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The town of Walton, Kan., cuts a modest swath through a rich carpet of winter wheat that stretches in green and amber patches toward the Flint Hills. It is at first glance a forlorn-looking place, characterized by faded bungalows and corrugated garages, and dwarfed by the concrete tower that is the Mid-Kansas Cooperative Elevator. Named after one of the original investors in the Atchison, Topeka and Santa Fe railroad, Walton still sees locomotives bullet through town, sounding their whistles and pulling mile-long chains of freight. Along with U.S. 50, another vital artery, the railroad is a reminder that no matter how quiet its main street or stark the horizon, tiny Walton, population 235, is very much connected to the wider world.
Another reminder is a very special elementary school.
The Walton 21st Century Rural Life Center, which bursts out of a low-rise brick building where the town meets the fields, began as the Walton School in 1934 and for years followed the traditional rural model: it educated students from kindergarten through the 12th grade and graduated classes that were often no bigger than 20. As is so often the case in rural communities, the school was a powerful magnet for civic life. But then hard times hit Harvey County. As economic opportunities declined, young people moved out, leaving the school with more and more empty desks. Year after year, the tiny school survived efforts to close it, until 2005 when the Newton School District, to which it is attached, seemed ready to shutter it for good.
Walton’s remaining 70 students were welcomed to Newton’s in-town schools. But as many local people saw it, the Walton school was the only thing standing between their community and a future as a ghost town. So in 2007, inspired by Newton’s then-superintendent, and with a grant from the federal government, the district reconstituted Walton as a K-4 charter school with a novel curriculum of hands-on learning that is entirely focused on agriculture. One of only two such elementary schools in the country, Walton, which now has 170 students (it pulls from outside the district), is considered an unqualified success. It scores in the top 5 percent on the state’s standardized achievement tests; it has been celebrated by the U.S. Department of Education; and educators come from across the country to learn its secrets. The school is so popular that its waiting list, now at 40, extends as far out as 2015. Some parents try to register their children while they are still in the womb.
Educational achievement in rural America is one of the country’s great overlooked challenges. Rural students achieve below the U.S. average on national tests, and high school dropout rates are higher and college attendance lower than they are in cities and suburbs. When the U.S. Department of Education asks low-achieving schools to be turned around, rural educators usually say they lack options: schools in many communities can’t be closed because there are no other choices, and populations are too thin to support charter schools. But the Walton Rural Life Center, serving a population that has many of these problems, shows that there is genuine promise for rural charter schools – if, like Walton, they have the will and the imagination to try new approaches and to take advantage of the unique strengths of their communities.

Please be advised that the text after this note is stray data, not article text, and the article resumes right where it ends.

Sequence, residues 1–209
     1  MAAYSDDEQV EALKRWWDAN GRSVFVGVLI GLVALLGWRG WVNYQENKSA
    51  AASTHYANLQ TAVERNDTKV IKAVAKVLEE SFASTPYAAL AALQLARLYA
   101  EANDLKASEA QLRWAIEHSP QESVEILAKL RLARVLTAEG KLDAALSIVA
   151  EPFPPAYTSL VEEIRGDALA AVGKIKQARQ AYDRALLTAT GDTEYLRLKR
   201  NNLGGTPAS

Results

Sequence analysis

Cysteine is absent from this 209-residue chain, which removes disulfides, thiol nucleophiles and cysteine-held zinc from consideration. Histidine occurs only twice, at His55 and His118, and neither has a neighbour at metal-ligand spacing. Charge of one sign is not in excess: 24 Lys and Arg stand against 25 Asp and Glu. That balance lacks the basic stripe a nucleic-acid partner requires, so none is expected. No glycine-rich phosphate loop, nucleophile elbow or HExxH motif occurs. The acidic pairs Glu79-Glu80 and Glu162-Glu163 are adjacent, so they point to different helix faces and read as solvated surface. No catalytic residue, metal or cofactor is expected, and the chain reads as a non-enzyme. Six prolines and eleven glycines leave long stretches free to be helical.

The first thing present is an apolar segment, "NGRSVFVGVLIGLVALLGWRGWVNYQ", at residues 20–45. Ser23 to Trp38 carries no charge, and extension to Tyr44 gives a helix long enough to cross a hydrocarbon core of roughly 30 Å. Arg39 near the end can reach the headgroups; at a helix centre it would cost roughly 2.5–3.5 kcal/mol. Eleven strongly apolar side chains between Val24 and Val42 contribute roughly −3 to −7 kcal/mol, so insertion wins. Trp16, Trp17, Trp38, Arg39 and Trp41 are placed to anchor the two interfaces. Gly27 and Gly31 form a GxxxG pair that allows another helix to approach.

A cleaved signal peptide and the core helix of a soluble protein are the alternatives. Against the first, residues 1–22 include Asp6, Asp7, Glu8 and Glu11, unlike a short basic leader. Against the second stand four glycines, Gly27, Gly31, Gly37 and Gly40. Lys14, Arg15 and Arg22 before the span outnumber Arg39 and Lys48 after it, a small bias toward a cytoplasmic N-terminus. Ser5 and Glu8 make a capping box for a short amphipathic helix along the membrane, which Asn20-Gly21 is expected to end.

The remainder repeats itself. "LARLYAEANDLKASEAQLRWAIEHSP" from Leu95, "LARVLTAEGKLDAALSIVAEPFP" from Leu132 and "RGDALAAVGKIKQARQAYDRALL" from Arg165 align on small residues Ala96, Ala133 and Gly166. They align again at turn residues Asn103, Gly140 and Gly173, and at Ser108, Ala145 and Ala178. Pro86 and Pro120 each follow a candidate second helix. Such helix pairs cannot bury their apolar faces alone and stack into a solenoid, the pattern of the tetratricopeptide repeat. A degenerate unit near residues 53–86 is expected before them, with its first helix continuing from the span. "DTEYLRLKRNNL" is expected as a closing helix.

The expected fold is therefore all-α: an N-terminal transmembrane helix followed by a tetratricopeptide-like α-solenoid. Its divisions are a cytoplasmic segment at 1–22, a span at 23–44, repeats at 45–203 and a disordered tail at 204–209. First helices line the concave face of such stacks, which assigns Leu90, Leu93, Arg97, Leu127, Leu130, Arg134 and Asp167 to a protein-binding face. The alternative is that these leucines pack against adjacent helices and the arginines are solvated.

LEARNING FROM DAILY LIFE
Natise Vogt is Walton’s warm, energetic, straight-talking principal. She ushers guests into her pleasantly cluttered office, past a neat line of chore boots and work gloves that serve as a sort of informal school uniform. Her view takes in a barn, a greenhouse, and a windmill. But Vogt makes her first point clear: Walton is not out to produce the next generation of American farmers. The focus at the school could have been anything at all – transportation, computers, art, food. What matters most is that the content serves as an engaging vehicle for conveying the information that needs to be taught. Walton picked agriculture for three simple reasons: kids love it, Kansas is a farm state, and as it turns out, there is almost nothing in elementary education that can’t be explained by relating it to cows and plows.
Take eggs. If second-grade teacher Staci Schill were running a standard classroom, she would be drilling her students on double-digit addition with the help of a prescribed textbook. There is still some of this kind of instruction, but building lessons around the agricultural theme lets kids see how they use their math facts in daily life. In this case, the students sell eggs produced by a small coop of hens. Every morning they rush out to collect and wash the eggs, inspect them for cracks, and box them for sale for $2 a dozen. (They recently bought a sheep with the proceeds.) The students learn not just how to tell the difference between a Delaware Blue and a Rhode Island Red, but also about profit and loss and, when the chickens don’t lay enough to meet projections, supply and demand.